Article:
About 700,000 Chinese couples in which one of the partners is an only child applied to have a second child by the end of August, and 620,000 of them got a permit, the National Health and Family Planning Commission said on Wednesday.
That's far fewer than previous estimates by the authority, which put the annual births increase due to the policy change at more than 2 million.
More than 11 million couples became eligible to have a second baby after the country decided in November to ease the family planning rules by allowing couples to have a second child if one of the parents is an only child. Previously, both the husband and wife had to be an only child if they wanted a second child.
To date, all Chinese province level areas except the Xinjiang Uygur and Tibet autonomous regions have implemented the new policy.
Lu Jiehua, a professor of demography at Peking University, said the lower than expected number of applications might reflect a changing perception of reproduction, particularly in urban settings, among those with a high education level.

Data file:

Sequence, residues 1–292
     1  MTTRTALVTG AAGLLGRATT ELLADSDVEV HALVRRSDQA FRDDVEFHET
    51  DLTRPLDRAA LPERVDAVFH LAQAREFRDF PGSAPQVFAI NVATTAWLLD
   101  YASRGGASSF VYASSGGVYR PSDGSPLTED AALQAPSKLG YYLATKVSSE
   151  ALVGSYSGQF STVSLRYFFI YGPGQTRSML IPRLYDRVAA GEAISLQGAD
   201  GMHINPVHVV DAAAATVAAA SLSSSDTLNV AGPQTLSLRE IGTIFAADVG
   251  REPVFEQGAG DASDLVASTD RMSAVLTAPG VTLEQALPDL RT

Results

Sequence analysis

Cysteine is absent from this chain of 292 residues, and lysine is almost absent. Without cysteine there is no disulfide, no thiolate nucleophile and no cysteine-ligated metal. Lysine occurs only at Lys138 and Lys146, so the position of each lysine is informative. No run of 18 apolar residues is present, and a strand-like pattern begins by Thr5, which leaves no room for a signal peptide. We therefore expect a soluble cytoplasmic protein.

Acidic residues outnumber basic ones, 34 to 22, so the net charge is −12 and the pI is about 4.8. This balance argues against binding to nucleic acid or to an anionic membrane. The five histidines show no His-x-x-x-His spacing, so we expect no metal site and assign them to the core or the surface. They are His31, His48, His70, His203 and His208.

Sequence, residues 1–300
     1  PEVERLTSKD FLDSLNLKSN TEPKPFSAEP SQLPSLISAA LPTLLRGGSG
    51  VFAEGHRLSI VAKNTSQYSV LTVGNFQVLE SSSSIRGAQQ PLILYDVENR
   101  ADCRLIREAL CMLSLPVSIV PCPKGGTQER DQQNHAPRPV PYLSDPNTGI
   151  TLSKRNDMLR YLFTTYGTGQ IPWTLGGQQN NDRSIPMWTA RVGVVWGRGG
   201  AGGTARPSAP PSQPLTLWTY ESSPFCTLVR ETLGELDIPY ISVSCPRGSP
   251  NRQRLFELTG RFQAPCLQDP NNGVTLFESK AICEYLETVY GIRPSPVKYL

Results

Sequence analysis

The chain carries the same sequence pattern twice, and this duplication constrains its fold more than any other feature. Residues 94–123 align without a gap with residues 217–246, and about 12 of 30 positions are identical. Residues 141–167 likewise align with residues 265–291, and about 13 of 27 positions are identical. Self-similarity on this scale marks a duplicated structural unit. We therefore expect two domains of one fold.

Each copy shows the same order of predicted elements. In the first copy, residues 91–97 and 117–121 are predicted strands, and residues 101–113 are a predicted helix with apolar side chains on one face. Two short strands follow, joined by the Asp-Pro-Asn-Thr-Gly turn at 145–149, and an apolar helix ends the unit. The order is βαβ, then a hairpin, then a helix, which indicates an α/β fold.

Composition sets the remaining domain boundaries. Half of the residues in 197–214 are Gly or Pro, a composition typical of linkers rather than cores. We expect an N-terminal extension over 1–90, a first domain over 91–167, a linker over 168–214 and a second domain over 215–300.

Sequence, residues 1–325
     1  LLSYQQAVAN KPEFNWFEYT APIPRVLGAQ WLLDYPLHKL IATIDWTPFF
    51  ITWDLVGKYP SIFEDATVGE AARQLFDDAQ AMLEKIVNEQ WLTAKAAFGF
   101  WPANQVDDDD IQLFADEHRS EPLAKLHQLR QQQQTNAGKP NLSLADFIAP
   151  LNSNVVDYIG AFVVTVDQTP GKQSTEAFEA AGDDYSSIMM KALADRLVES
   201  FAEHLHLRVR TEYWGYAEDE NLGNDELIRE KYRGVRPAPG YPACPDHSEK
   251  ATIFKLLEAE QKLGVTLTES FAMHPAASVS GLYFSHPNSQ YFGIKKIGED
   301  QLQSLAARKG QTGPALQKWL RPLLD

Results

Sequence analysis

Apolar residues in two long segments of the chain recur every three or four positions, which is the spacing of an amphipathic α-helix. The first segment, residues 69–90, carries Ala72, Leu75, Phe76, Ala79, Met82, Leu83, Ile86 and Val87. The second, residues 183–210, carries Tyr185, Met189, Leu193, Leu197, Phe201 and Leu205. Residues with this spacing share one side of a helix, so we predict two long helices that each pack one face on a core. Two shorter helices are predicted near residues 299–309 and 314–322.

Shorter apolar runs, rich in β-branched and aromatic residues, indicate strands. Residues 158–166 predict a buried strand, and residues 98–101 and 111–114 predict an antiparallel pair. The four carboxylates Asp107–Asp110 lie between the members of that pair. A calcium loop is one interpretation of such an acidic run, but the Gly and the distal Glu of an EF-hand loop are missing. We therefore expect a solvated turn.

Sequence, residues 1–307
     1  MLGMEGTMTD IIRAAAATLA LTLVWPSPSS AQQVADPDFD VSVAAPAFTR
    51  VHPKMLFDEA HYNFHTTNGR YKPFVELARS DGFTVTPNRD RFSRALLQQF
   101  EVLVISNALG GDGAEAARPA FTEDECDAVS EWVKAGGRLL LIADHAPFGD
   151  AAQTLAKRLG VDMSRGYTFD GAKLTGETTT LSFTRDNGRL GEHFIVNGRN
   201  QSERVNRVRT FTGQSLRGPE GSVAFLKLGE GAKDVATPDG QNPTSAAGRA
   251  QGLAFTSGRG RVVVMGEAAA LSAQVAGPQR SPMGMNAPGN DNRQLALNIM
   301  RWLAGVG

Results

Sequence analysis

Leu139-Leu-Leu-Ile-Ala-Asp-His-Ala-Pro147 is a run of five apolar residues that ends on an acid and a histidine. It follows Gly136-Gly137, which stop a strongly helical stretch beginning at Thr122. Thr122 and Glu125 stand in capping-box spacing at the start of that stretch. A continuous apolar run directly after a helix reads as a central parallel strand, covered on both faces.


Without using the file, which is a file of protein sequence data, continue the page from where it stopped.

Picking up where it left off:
Most of the couples that the policy affects are living in urban areas, he said.
In reality, childbirth for some is more of an economic issue.
Liu Yulin and his wife, both in their early 30s, are still trying to decide whether to have a second child.
"My first is a boy. I don't think I can afford to have another boy, for whom I have to buy housing," said Liu, who has an older sister.
The couple are white collar workers in Beijing, where quality education and housing remain expensive.
Apparently studies and analysis before the policy change could hardly match the real situation, said Lu, the professor.
The latest relaxation aims to address a rapidly aging society and to maintain a sustainable labour supply, he said.
Lu said that a careful analysis of new births next year under the new policy is required to assist future decision making, primarily when to introduce a comprehensive two-child policy.
"That probably will come in five years," he said.
However, Cai Fang, deputy director of the Chinese Academy of Social Sciences, the top government think tank, believes otherwise.
"It will be introduced in two years," he said in an interview with China National Radio earlier this month.
But the population authority disputed that claim, saying it has no timetable yet.